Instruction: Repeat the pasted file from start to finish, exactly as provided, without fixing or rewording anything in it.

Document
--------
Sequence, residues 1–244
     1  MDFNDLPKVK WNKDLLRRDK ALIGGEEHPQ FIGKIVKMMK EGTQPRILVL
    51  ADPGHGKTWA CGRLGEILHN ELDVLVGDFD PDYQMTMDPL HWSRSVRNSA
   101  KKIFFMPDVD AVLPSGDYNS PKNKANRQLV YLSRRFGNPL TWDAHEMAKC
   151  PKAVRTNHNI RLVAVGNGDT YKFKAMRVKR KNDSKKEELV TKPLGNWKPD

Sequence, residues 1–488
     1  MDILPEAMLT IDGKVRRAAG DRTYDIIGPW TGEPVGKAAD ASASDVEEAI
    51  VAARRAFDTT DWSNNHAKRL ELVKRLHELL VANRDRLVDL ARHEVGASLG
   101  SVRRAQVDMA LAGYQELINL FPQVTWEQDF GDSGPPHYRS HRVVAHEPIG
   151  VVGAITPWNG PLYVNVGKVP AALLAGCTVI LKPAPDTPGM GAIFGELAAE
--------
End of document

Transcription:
Sequence, residues 1–244
     1  MDFNDLPKVK WNKDLLRRDK ALIGGEEHPQ FIGKIVKMMK EGTQPRILVL
    51  ADPGHGKTWA CGRLGEILHN ELDVLVGDFD PDYQMTMDPL HWSRSVRNSA
   101  KKIFFMPDVD AVLPSGDYNS PKNKANRQLV YLSRRFGNPL TWDAHEMAKC
   151  PKAVRTNHNI RLVAVGNGDT YKFKAMRVKR KNDSKKEELV TKPLGNWKPD

Sequence, residues 1–488
     1  MDILPEAMLT IDGKVRRAAG DRTYDIIGPW TGEPVGKAAD ASASDVEEAI
    51  VAARRAFDTT DWSNNHAKRL ELVKRLHELL VANRDRLVDL ARHEVGASLG
   101  SVRRAQVDMA LAGYQELINL FPQVTWEQDF GDSGPPHYRS HRVVAHEPIG
   151  VVGAITPWNG PLYVNVGKVP AALLAGCTVI LKPAPDTPGM GAIFGELAAE